In just a few days, on April 21st to be precise, Google is going to significantly alter their ranking algorithm based on how mobile friendly your site is. Having a proper mobile site has probably been a ranking factor for a while already, now it will be a “major” factor, positive or negative.
Having a proper mobile site has probably been a ranking factor for a while already, now it will be a “major” factor, positive or negative. This will have significant impact search engine rankings of a lot of websites. This is extremely important because Google does not always mention updates to the algorithm, like with all the iterations of Panda and Penguin. This change is expected to be as big if not bigger than Hummingbird, which significantly overhauled Google’s algorithm.
What this means for you is simply: how does your website respond when accessed on a mobile platform? And by mobile, this just does not mean your smartphone, but also tablets and smaller screen laptops, like a Chromebook.
This article is going to cover how to test your site to see if it is mobile ready, what some of the common problems that you can encounter are, and next steps.
How To Test Your Website For Mobile-Responsiveness
Whether your site is 2 years old, just redesigned or in the process of being built, start with testing it. While it might be a scary thought that your new or almost new site will need to go back to the drawing board, it is better than getting hit by a Google penalty.
To test your site, you can go to https://www.google.com/webmasters/tools/mobile-friendly/. Also, if you are verified with Google Webmaster Tools (which you totally should be), you can access it from there, see below.
Another great tool is http://validator.w3.org/mobile/, which unlike Google’s tool, won’t redirect itself if you have a separate mobile site. For example, if your site is www.myurl.com and the mobile version is m.myurl.com, you will need to enter in the later address to test the mobile site, otherwise it will test your desktop version.
I ran our website through the test. We built it mobile-responsive and that is the test result you want to see “Awesome! This page is mobile-friendly”. But if you look closer there are a few issues on the page.
The tool asks if the screenshot of your site looks correct, which it is not, since my site is not a blank screen. If you look towards the top it says that 12 resources are blocked.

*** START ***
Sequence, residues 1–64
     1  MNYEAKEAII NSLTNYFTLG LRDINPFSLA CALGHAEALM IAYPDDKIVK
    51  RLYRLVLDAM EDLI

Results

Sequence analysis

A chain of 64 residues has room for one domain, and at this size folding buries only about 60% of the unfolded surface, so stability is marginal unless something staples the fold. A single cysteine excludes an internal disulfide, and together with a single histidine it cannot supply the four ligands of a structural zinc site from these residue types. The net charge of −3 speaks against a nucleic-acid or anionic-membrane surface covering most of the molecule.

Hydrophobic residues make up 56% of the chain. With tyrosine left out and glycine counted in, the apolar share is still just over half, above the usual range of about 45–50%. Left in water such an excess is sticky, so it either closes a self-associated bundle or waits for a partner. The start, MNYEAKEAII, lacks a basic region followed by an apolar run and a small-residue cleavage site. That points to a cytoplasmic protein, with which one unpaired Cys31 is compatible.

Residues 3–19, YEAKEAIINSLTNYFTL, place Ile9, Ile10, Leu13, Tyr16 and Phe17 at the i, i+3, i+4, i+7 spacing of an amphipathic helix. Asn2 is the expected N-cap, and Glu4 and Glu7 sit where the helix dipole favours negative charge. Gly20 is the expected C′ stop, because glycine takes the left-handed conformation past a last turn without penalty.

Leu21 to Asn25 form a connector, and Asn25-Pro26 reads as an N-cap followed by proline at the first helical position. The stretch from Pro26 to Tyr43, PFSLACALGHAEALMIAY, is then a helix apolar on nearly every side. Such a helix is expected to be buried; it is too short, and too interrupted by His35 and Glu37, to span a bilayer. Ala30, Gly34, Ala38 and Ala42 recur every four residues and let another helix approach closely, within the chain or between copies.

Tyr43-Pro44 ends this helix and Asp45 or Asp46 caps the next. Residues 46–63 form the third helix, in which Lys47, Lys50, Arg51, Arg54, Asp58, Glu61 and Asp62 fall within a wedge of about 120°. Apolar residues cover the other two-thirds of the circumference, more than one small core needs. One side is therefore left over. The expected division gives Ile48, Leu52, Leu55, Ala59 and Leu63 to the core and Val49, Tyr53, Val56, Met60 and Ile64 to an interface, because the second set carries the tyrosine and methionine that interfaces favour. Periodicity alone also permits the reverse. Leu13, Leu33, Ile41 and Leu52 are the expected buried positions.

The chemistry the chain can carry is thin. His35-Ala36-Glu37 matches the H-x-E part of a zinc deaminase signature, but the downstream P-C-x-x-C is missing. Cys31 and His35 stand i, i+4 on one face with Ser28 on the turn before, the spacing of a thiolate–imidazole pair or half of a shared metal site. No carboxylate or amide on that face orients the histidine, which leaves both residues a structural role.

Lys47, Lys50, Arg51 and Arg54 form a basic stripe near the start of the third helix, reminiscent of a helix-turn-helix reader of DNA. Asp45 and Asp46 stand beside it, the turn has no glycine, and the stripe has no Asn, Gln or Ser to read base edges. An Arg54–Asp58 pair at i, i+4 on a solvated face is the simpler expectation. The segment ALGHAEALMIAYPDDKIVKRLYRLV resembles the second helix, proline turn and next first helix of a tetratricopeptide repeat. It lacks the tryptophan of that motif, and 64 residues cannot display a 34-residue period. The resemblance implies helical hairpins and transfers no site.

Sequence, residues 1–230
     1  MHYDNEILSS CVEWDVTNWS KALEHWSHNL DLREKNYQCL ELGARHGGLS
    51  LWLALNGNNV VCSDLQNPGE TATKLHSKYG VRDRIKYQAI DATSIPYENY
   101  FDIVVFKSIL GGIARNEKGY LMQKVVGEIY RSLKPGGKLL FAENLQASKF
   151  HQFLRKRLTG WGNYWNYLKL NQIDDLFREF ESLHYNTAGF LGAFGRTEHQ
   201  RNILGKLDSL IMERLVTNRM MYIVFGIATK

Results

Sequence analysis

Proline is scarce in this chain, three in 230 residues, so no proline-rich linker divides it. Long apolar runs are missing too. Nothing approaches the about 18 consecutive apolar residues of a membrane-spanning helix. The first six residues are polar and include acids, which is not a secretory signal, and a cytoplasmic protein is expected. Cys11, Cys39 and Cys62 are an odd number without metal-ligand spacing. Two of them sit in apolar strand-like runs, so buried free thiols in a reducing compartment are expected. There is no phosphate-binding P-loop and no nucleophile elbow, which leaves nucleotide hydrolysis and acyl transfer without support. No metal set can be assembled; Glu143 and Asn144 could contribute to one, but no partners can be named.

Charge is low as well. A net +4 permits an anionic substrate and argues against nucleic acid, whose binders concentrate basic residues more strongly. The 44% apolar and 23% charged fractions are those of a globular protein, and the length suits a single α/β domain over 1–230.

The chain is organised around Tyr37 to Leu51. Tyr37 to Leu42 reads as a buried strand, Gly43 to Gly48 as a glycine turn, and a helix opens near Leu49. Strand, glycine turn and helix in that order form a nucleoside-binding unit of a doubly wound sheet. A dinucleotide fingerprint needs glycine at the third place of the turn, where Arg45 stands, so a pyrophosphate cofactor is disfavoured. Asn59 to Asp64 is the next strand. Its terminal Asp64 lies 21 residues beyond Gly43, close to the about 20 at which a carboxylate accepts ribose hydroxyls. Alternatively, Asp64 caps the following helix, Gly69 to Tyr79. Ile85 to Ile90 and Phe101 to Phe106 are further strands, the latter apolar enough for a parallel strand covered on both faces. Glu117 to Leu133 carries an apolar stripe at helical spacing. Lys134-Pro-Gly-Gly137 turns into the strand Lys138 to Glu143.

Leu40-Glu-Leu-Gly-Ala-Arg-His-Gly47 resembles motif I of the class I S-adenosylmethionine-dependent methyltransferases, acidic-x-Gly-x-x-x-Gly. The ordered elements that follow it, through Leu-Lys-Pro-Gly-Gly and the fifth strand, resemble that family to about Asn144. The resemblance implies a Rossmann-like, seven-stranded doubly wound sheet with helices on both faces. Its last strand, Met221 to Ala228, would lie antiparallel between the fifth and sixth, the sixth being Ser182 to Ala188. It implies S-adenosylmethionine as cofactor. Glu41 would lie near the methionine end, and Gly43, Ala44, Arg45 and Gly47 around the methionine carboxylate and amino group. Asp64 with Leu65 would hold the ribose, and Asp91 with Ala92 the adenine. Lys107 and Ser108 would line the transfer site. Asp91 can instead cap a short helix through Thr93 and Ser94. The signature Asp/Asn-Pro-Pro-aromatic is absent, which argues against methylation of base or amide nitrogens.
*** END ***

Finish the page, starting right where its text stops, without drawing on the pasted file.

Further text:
Those blocked resources are what are preventing Google, not a user, from accessing all parts of your site.
This is most likely related to your robots.txt settings, which if you want to allow Google to see everything, you will need to change it. If you have a WordPress site these resources were blocked in the robots.txt file as a security precaution.
If your site is on managed WordPress hosting, like Flywheel, then it is probably safe to remove. If you are not sure bring it up with your webmaster.
After unblocking those resources, the only other change you might want to make is to improve your site speed, which you can check through gtmetrix.com.
Some common ways to increase speed are to add a CDN (Content Delivery Network), reduce image sizes, minimize Http requests etc. Again, talk to your webmaster about what you can do.
Uh, My Site Needs Some Help
If you get the test outcome on the left, Google is pretty much telling you to go hire a web designer, and fast.
Also, a result like this means that most of your users are hitting the back button faster than they got to your site.
Back in July of last year, Google held a hangout on common SEO mistakes, you can see my summary of it here. A major part of this hangout was common mistakes in mobile sites, specifically, these issues on the left.
The Google hangout made the point that the UX (user experience) is just as if not more important then the GoogleBot experience for a while now.
A site like this requires the user to pinch to zoom in, scroll left and right to see all the content, probably has Flash video or other elements that are not working, and the user will need to tap extremely carefully to clickthrough on the correct link.
How Do I Fix My Site?
Now how to go about fixing your site is a little bit more complicated. If you got the “Awesome” result, then you should check your Webmaster tools account to see if there are a few pages that have issues (I had one). Also, changing your robots.txt file might be necessary like mine.
However, if you got the above result, your site was built without mobile in mind and you have a few options as how to proceed
- Create a brand new website using a responsive design
- Create a mobile-only site, i.e. m.yoururl.com
- Try to fix all the issues on your current site to make it mobile friendly
Of the above 3 choices, only the first makes sense. A separate mobile site means you will need to update information in two different places, plus make sure each mobile page is linked properly to the main site equivalent. As for fixing the current site, the effort involved in changing it would be more than making a new site.
Creating a brand new website with a responsive theme, a CMS (like WordPress or HubSpot COS), that is easy to use no matter which device you are on is the way to go.